First Post of 2011!

After an entirely too-long hiatus, I figured now was as good a time as any to post a mostly useless blog entry.

5 hens all sitting next to the sliding glass door on the patio

Over the last few months we’ve acquired 3 “new” hens to include Netty and Honey, the formerly free range 18+ month old Delaware and Buff Orpington hens, and Helen, the Easter Egger hen who first arrived at our house as a day old chick with Evie and Lilly last February.  Joanna too has seen a flock increase: she went out and picked up 2 POL hens from a lady I made contact with concerning hens for my mom (who decided to hold off on getting any in the end) and returned Helen to us in the process.  Helen never fit in with Joanna’s flock and Evie has had some trouble with Ruth ever since Lilly died, so I suggested that maybe these probable sisters could be a friend for each other.  Of course, adding new chickens to a flock doesn’t result in harmony overnight (unless, of course, your name is Netty or Honey) so we expected a period of transition.  So far there isn’t any ganging up on Helen, but she’s definitely not an integrated part of the flock yet.  We’ve only had her since New Year’s Eve, however, so we’re not worried.

hens in snow

The coop itself has seen some changes too.  We added a 4′ long shop lamp to the inside of the coop with the lights on a timer from 7 am till 7 pm, and egg production is currently at 2-4 per day (with 4 hens actively laying and 2 molting or finishing up from a molt).  We also hung a heat lamp with a red bulb in the coop, and put a 1 gallon heated water bowl in the run.  Both of these are on 24/7 during bitter cold weather.  Finally, we cut a hole in one of the plastic coop doors and installed a small doggie door to help keep the heat from blowing out… however we had to remove the clear plastic flap for the time being, as the girls haven’t figured it out yet.  I have plans to create another run sometime in the spring or summer, once our 6′ privacy fencing project in the back yard is complete, utilizing 4′ wide x 6′ long chicken wire panels sandwiched between 2 frames of 1″ x 4″ boards.  These would be arranged to form a 4′ tall x however-big-we-have-room-for run attached to the current run with another doggie door for access, but with only the wire panels as a roof.  This would give the girls much more room to scratch around during the day (since our yard is not safe for free ranging without supervision) and the option to get out of the rain and into the covered, smaller run and coop at will.  In addition, the panel idea would make it easy to disassemble the planned run and easily move and reassemble it, should the need arise.  More on that as soon as we get around to it…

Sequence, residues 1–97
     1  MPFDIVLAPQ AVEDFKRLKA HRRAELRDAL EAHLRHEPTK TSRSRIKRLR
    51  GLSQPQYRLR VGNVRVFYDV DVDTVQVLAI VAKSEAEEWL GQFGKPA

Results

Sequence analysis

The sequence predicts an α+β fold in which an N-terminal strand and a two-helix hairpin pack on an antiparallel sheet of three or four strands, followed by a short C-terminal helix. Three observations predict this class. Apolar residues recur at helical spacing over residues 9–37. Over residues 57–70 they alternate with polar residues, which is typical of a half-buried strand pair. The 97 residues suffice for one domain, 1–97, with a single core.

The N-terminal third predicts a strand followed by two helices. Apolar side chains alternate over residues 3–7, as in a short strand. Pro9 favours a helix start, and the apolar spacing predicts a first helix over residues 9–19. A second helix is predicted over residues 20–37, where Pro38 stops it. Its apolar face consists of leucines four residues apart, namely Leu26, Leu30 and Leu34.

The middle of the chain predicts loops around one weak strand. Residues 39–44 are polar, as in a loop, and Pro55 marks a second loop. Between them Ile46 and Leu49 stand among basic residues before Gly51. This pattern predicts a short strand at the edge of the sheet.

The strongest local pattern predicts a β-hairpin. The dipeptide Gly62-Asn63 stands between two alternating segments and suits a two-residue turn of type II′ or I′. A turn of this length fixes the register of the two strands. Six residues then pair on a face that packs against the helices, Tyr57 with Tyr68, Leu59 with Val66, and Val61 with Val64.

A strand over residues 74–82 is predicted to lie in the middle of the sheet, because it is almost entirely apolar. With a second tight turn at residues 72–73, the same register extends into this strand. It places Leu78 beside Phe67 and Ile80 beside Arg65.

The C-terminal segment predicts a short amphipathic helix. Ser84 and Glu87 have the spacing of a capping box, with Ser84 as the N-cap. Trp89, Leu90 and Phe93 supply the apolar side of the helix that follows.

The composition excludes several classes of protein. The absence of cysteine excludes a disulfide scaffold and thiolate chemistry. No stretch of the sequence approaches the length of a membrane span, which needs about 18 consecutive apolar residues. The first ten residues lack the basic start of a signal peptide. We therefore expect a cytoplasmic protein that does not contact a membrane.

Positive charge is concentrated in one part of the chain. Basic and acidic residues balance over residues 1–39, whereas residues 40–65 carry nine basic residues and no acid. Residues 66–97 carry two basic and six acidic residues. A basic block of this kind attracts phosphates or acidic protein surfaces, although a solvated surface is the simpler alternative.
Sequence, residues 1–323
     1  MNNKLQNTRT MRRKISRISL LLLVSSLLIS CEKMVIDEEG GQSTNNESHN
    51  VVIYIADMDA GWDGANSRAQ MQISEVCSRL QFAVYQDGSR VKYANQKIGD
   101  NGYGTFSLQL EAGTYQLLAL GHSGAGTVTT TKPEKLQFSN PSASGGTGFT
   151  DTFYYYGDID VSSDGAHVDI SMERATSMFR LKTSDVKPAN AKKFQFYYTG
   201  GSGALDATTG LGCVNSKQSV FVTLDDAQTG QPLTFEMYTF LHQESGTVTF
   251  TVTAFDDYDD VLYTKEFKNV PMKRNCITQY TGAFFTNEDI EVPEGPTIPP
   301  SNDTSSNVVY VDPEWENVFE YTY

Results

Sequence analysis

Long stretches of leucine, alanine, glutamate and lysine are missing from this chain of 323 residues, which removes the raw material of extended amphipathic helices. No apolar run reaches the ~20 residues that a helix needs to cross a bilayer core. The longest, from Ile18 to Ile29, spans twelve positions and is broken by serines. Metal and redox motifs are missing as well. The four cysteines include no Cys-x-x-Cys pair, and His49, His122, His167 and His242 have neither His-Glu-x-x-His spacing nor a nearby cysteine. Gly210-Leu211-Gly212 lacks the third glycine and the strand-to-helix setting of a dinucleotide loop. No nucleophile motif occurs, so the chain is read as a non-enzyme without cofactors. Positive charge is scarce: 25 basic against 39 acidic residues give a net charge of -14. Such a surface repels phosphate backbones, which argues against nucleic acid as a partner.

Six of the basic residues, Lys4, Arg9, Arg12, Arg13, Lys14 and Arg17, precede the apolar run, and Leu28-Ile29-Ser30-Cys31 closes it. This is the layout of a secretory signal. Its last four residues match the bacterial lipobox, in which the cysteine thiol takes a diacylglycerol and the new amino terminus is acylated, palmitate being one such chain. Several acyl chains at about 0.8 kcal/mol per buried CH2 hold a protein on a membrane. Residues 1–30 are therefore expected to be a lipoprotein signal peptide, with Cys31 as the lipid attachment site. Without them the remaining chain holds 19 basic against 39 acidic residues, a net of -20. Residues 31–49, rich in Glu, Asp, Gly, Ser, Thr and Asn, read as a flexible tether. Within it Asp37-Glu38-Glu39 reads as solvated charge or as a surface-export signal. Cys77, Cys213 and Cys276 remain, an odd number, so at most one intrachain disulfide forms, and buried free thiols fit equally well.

Evie and Netty

In the world of knitterings, I’ve been quite busy.  I knit both my mom and the older of my 2 younger sisters a sweater for Christmas, and my youngest sister got 2 hats, 2 cowls, and a plush purple penguin.  I’ve been knitting things for babies, as well as fingerless mitts for Alex, and sweaters for myself.  I ended up finishing out the year with 18 adult-sized sweaters completed, and only one of those was a project I started before 2010.  I have knit about 1/3 of my first sweater of 2011 already, as well as another pair of fingerless gloves, and have 7 or 8 other sweaters planned with yarn either in my stash on its way.  All I need now is a couple of massive blizzards to give me more time off work and more time for knitting.

Mary’s New York Christmas Cardigan

I guess the last mostly useless piece of information to note is that I have switched to a gluten-free diet due to the realization that gluten has been making me very itchy in the past 9 months.  I haven’t gone so far as to cut out food items labeled with “may contain [traces of] wheat ingredients” but I have gone so far as to order a 25 pound bag of gluten-free flour blend.  I’ll be ordering a 25 pound bag of gluten-free pancake mix as soon as it becomes available for a more reasonable price on Amazon again.  I mention this change in my diet to explain why future posts may contain such information as which recipes do / do not work well with gluten-free flour, and other similar topics.

They're gluten-free!

I hope the end of 2010 was relaxing and enjoyable for you, and that 2011 has many wonderful things in store for all of us.

Winter foliage

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One response to this post.

  1. Posted by Nancy West on January 5, 2011 at 11:33 am

    I never imagined that I would enjoy reading about the sociological aspects of hens as much as I obviously do. Between your blog and Joanna’s, I am one happy “mother” hen! Good luck with the gluten experiment, and your amazing knitting aspirations. Do you ever feel as though you’re running out of ideas for knitting projects? I suppose you could always design little vests for your “girls”?

    Reply

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